John Millington Synge’s The Playboy of the Western World — “arguably Ireland’s most famous play,” according to Solas Nua Artistic Director Rex Daugherty — has inspired its share of revivals and reinventions since the original production opened to riots in 1907.
Synge’s comedy about a self-proclaimed killer on the run taking shelter in a village where he becomes a local hero has been molded into a musical set in Appalachia, and reframed for plays set everywhere from Trinidad to Beijing.
Solas Nua, D.C.’s preeminent multidisciplinary ambassador of Irish arts, brings the tale back to Dublin for another radical redo. The original rural villagers are Dublin gangsters in the version by Nigerian playwright Bisi Adigun and Irish novelist Roddy Doyle (The Commitments). The stranger on the run is no longer an Irishman from a distant town, but a Nigerian immigrant — a character shift pregnant with provocative possibilities.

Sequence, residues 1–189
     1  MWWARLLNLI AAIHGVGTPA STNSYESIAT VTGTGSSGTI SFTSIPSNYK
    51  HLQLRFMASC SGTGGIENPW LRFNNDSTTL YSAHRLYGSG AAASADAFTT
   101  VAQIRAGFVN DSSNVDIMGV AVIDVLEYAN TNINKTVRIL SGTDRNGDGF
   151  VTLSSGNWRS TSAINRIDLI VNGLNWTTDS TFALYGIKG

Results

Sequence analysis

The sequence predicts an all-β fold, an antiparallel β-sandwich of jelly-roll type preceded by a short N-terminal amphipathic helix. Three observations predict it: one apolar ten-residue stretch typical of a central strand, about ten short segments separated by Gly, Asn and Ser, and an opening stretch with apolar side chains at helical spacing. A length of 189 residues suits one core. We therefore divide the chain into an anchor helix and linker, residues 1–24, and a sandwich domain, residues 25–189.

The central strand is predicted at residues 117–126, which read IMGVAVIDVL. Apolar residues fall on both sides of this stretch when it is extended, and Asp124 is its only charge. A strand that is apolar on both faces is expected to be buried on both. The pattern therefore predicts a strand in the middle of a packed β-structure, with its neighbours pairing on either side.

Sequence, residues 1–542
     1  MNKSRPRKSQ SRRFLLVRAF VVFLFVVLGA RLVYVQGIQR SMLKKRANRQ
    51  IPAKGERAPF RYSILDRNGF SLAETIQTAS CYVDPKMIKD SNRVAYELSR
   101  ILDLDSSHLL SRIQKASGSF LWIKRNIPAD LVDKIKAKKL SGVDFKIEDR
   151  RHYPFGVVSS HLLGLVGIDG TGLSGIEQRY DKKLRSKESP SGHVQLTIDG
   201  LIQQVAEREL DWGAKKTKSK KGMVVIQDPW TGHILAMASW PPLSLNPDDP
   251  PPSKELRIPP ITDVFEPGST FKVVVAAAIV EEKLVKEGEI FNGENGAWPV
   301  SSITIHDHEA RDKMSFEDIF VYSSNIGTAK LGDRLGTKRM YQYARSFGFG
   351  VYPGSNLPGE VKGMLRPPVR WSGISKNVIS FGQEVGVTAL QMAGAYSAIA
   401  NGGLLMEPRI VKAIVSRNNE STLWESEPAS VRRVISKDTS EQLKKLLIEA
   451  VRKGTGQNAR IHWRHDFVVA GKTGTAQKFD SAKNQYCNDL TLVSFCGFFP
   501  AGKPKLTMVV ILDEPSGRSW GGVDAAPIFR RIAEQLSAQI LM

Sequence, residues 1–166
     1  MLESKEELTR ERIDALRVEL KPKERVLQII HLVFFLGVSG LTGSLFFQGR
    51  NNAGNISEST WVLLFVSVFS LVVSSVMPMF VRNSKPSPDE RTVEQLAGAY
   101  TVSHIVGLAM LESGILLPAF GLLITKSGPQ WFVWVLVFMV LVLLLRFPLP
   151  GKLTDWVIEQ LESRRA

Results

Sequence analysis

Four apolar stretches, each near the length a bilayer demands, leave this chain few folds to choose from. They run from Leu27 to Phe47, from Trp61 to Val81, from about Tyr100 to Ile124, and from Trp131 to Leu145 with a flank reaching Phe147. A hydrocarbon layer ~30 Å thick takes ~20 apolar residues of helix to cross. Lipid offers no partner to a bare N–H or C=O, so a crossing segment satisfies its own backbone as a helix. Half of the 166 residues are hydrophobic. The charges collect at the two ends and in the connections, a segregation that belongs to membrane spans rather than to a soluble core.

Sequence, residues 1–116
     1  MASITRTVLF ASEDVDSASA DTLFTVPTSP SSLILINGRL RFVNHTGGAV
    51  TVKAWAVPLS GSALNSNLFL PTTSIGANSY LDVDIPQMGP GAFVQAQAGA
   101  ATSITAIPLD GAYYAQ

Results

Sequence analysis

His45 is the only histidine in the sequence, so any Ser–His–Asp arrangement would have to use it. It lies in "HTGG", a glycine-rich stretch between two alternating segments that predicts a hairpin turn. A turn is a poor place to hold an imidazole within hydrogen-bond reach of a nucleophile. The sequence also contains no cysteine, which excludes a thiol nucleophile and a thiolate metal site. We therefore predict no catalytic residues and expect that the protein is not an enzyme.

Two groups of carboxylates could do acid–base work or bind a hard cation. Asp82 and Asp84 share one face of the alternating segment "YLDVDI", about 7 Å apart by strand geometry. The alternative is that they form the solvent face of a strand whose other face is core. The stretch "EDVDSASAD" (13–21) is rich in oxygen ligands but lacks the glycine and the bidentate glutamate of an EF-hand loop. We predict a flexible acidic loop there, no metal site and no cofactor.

“I think one of the enduring questions that was obviously present in 1906, and it’s definitely present today, is how do we create our identities,” says the show’s director Shanara Gabrielle, also known for her work as an actor onstage. “Is my identity something that I share with you, and you then identify me by that? Or is it something that you put upon me and I must then match? Or is the truth somewhere in the middle?”
The play, featuring Brooklyn native Jamal Joseph in the title role, addresses aspects of human relationships that are “continually true throughout time,” says Gabrielle.
“Then when we put this very fresh lens on the Nigerian immigrant to Dublin, and looking at that, definitely for an American audience, from an international perspective of what immigration looks like, what Black bodies in a white space look like, we’ve got this kind of really, really present, vigorous energy to the play that I think is one of the things that just sparks about this particular adaptation.”
The Playboy of the Western World runs through Nov. 20 at the Atlas Performing Arts Center, 1333 H St. NE. Tickets are $45, with discount options available. Call 202-399-7993, ext. 2 or visit www.solasnua.org.
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